Chasing varieties in infinite dimensions
Alessandro Danelon defended his PhD thesis at the department of Mathematics and Computer Science on February 17th.
Some geometric objects are defined by polynomials known as varieties. Examples of varieties are curves and surfaces, such as a line or parabola. Each type of variety has an associated dimension. For instance, curves have dimension one, and surfaces have dimension two. For his PhD research, Alessandro Danelon studied varieties of greater dimensions, where mathematical formalism becomes ‘a close friend’.
Our world is permeated by geometric objects. These objects have associated curves and surfaces, otherwise known as varieties, which in turn have a dimension. Lines have dimension one, while surfaces, such as the screen you are reading this text on, have dimension two. And there’s volumes, which have dimension three.
In mathematics, there is no limit in terms of the number of dimensions that a geometric object can have. However, it is impossible for the human mind to envisage a geometric object with, for example, 15 or more dimensions. The primary reason is that we live in a three-dimensional world, a finite-dimensional world.
But is it possible to think about a variety in infinite dimensions? For his PhD research, Alessandro Danelon set out to address this question.
Analogue with numbers
The analogue with numbers expressed in decimals led Danelon’s intuition throughout his research. Consider the numbers 1/7 and √2. The former is rational while the latter is not, and this is reflected in their decimal expressions.
Indeed, 1/7 = 0.142857142857… is a number where the digits ‘142857’ keep appearing infinitely many times, and this is called the period. On the other side, √2 = 1.4142135623730950488016887242096980785696718753769480731766797379… and there is no period: the numbers after the decimal point never repeat, they do not show any recurrence.
The point here is that even if both of these numbers have infinitely many nonzero digits, the first number is somehow easier as it ‘stabilizes’. It’s possible to record a finite number of digits (142857, the period), and then reconstruct the remainder from those (by translating the period over six digits again and again). It is not possible to do this with √2.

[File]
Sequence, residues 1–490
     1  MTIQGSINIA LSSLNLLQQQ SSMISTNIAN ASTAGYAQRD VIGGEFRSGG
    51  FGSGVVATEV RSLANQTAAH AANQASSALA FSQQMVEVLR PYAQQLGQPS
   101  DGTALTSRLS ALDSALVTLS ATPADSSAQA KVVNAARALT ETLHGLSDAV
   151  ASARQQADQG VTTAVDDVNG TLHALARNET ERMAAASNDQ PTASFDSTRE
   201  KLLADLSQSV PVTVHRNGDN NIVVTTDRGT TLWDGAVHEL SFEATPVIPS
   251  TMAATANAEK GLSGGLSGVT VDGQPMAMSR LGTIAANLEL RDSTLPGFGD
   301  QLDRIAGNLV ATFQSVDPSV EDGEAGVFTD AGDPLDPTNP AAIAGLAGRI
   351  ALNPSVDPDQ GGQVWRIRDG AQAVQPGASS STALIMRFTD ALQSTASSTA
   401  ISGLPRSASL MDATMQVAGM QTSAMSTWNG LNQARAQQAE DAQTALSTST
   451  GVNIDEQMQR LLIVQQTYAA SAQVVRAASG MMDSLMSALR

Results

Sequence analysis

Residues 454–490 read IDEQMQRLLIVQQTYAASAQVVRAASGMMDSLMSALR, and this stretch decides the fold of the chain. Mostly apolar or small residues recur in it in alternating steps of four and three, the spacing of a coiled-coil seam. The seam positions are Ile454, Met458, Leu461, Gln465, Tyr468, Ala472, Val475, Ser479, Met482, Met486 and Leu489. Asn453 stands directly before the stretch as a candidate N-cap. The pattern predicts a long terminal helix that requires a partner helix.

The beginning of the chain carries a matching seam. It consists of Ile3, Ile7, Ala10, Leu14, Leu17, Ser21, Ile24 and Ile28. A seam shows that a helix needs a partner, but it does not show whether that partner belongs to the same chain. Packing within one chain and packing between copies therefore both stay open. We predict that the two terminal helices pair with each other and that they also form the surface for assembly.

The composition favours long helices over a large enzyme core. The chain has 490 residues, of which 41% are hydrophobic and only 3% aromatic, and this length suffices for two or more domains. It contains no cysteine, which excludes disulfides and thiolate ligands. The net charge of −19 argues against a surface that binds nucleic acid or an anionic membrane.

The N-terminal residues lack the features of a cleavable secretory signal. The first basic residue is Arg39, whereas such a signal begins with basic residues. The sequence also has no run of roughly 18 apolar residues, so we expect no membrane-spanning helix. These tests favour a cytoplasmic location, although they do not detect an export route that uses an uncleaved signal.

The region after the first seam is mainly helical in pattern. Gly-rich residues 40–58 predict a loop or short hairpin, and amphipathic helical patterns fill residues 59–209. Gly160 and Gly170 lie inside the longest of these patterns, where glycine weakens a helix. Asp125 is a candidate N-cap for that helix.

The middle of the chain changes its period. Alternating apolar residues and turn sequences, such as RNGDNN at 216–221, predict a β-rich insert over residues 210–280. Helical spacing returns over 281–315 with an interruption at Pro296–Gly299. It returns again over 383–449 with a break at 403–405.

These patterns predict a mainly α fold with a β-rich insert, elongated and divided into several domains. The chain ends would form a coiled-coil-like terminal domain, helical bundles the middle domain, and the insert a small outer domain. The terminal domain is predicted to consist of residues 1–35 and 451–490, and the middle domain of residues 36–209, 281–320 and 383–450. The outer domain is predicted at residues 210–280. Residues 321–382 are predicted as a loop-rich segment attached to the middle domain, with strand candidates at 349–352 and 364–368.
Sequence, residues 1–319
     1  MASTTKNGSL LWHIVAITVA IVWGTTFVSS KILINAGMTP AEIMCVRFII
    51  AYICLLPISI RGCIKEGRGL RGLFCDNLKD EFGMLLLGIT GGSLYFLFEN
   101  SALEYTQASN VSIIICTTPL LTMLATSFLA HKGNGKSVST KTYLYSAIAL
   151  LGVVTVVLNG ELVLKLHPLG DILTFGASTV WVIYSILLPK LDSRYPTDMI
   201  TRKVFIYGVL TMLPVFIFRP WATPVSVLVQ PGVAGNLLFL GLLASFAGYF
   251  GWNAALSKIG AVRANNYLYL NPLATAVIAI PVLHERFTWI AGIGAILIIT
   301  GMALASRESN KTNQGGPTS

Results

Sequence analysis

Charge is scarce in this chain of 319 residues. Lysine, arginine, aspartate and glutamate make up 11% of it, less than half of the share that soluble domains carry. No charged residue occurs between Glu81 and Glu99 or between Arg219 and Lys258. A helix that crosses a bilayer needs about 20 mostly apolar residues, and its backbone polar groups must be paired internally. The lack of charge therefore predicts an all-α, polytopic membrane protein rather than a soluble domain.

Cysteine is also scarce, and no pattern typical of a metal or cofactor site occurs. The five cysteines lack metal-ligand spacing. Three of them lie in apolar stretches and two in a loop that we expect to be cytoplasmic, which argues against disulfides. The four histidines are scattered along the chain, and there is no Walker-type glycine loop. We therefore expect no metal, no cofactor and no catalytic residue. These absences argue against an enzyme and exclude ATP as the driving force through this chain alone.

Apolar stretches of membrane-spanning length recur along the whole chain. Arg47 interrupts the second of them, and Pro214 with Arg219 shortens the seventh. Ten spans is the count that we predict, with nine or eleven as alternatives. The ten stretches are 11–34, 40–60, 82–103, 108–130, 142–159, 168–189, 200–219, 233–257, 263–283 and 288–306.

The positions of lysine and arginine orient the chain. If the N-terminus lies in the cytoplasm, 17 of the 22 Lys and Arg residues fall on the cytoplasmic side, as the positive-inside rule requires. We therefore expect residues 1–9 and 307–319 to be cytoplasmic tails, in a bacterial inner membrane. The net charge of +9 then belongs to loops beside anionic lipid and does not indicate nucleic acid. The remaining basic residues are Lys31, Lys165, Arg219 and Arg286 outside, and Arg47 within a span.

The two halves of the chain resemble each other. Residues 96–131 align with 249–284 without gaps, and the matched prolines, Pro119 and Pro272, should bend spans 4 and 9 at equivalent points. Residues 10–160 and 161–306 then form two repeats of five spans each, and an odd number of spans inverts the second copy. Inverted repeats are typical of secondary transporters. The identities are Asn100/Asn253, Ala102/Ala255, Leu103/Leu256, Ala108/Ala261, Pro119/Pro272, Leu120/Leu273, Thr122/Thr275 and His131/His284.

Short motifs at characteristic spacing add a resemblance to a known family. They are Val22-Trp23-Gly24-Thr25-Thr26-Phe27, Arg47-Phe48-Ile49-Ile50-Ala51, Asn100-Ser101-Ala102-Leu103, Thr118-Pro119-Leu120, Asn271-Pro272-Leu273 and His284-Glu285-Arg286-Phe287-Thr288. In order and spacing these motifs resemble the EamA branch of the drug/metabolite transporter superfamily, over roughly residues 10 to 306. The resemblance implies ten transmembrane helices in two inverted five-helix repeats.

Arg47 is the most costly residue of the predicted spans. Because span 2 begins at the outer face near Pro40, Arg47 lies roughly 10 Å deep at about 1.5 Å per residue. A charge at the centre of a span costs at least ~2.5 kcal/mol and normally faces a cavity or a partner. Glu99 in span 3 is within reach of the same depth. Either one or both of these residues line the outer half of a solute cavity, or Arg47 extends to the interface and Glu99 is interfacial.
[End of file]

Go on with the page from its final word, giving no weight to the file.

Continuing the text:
Infinite dimensional varieties
Infinite dimensional variety can be thought of as a limit of finite dimensional ones. Danelon and his colleagues constructed, or approximated their variety step-by-step, by first shaping it in one dimension one, then in two dimensions, then three, and so on. This is the exactly how the numbers 1/7 and √2 are approximated by considering at each step more and more digits.
In the same way as 1/7 is intrinsically different than √2, not all the infinite dimensional varieties are equal. Therefore, Danelon looked at the varieties that stabilize when the dimension tends to infinity - sort of what happens for the rational numbers with the period.
However, in this case, Danelon needed to exploit the geometric symmetries to let stabilization appear. A geometric object can be moved around - in a mathematical sense - with the movements sending each point of his chosen variety to other points in that same variety which are called symmetries.
For example, if a square clockwise is rotated more than 90 degrees around its center (intersection of the diagonals), all points will have hanged their positions but the square occupies the same spot as before.
Danelon’s research focused on infinite dimensional varieties that stabilize up to symmetry, in the sense that the infinite data of the variety can be recovered from a finite amount of data and the associated knowledge of the symmetries.
Amazingly, this can be done, and finding criteria for stabilization depending on the varieties and the number of symmetries is the first and main step in his research.
Danelon’s work might be theoretical but it is rooted in applications, particularly in the fields of theoretical computer science and algebraic statistics, where many algebraic models come in infinite families. Stabilization of the limit of such a family implies theorems that hold for all members of the family.
In a nutshell, taking symmetries into account reduces the complexity of an object and makes it (more) manageable both for the human mind and for a computer.
Title of PhD thesis: Stabilisation for varieties in polynomial functors. Supervisors: Jan Draisma and Rob Eggermont.
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